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19. Hidden perceptions that damage relationships January 30, 2010

Posted by Lisa in All, Learning points, Networking, People skills.
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I worked with two people over the last 15 years who I’d prefer never to see again.  Both did something I considered a significant breech of personal and professional etiquette.  I admit, both events still boil me a bit.

Each of us package ourselves into little boxes based on our perceptions.  Boxes we often don’t even realize confine us because we’ve worn them for so long.   These perceptions become  boundaries and sign posts of our own making;  invisible markers that we use to guide us, never realizing that others follow their own sign posts that are just as invisible.

But something happened the other day that’s probably changed my life.

Damaged Relationships

I have a family member I’ve never been close to, and my mother has tried to get us to open up to each other for a couple years.  Both of us have felt a bit of a wall most of our lives.  Not sure why, as there was no precipitating event, but it’s as if we’re simply acquaintances who visit once or twice a year.  With a nagging feeling I think, that there could be more.  But we didn’t know if the other felt the same.

The other day my mom and I went to the book store, and I chanced upon a book by Thich Nhat Hanh and opened it to a random page and started reading.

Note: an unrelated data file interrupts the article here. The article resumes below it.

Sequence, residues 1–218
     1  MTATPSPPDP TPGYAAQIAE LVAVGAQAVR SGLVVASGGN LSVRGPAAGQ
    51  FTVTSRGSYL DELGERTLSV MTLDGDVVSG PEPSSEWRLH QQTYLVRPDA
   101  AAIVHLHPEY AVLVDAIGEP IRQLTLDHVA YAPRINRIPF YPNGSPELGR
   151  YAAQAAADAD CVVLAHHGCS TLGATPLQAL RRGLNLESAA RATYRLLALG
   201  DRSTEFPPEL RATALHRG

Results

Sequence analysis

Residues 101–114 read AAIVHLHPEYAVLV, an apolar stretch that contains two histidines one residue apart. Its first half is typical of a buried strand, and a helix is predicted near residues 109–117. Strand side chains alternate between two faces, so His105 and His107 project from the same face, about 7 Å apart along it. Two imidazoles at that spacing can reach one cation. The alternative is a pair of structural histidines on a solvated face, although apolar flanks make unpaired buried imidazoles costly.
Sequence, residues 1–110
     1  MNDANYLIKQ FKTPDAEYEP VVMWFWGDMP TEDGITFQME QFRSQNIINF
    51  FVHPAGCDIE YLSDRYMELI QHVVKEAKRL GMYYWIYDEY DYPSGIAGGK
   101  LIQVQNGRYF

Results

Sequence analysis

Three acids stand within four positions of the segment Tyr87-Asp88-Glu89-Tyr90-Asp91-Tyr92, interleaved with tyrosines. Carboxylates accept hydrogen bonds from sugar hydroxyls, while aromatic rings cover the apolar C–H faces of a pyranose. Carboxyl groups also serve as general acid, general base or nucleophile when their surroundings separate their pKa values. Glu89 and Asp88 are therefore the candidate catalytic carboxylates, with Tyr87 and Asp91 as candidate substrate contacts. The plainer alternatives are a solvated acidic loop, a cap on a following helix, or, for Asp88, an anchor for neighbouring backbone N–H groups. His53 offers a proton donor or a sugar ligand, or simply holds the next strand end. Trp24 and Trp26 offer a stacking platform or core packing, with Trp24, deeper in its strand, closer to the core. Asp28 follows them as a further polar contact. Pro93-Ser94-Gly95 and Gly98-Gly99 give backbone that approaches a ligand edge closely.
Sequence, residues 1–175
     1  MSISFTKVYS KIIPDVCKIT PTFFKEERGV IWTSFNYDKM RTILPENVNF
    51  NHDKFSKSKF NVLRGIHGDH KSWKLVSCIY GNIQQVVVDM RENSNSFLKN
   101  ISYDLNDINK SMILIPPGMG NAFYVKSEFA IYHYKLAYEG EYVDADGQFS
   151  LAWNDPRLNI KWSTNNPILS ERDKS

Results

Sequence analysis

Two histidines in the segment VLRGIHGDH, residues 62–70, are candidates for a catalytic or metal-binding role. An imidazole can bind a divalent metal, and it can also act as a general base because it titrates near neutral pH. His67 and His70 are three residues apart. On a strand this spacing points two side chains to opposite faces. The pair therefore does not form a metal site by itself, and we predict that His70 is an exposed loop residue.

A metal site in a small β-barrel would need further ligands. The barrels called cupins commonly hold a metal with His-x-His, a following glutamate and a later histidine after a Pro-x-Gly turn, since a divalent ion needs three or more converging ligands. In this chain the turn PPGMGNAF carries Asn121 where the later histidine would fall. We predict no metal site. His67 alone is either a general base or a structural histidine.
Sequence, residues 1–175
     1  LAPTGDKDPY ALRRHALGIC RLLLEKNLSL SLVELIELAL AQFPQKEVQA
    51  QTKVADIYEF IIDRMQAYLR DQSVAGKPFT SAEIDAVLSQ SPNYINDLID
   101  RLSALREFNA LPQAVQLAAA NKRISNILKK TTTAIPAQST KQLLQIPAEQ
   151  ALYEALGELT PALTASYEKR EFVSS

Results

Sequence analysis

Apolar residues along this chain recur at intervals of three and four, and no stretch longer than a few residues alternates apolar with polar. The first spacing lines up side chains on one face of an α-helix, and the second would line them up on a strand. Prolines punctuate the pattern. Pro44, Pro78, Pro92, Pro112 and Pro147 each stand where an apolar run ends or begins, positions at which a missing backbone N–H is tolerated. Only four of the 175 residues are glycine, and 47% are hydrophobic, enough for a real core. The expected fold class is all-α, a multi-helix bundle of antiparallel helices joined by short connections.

This is the story I read.

“A man once had to leave home for a long time. Before he left, his wife got pregnant, but he didn’t know it. When he returned, his wife had given birth to a child. He suspected that the little boy was not his, and believed that he was the son of a neighbor who used to come and work for the family. He looked at the little boy with suspicion. He hated him. He saw the neighbor’s face in the little boy’s face. Then one day the man’s brother came to visit for the first time. When he saw the little boy, he said to the father, “He looks just like you. He’s your exact duplicate.” The brother’s visit was a happy event, because it helped the father to get rid of his wrong perception. But the wrong perception had controlled this man’s life for 12 years. It made the father suffer deeply. It made his wife suffer deeply, and, of course, the little boy suffered from that kind of hatred.

“We act on the basis of wrong perceptions all the time. We should not be sure of any perception we have. When you look at the beautiful sunset, you may be quite sure that you are seeing the sun as it is in that moment, but a scientist will tell you that the image of the sun that you see is the image of the sun from eight minutes ago. Sunlight takes eight minutes to reach the earth from such a long distance. Also, when you see a star, you think that the star is there, but the star may have disappeared already, one, two, or ten thousand years before.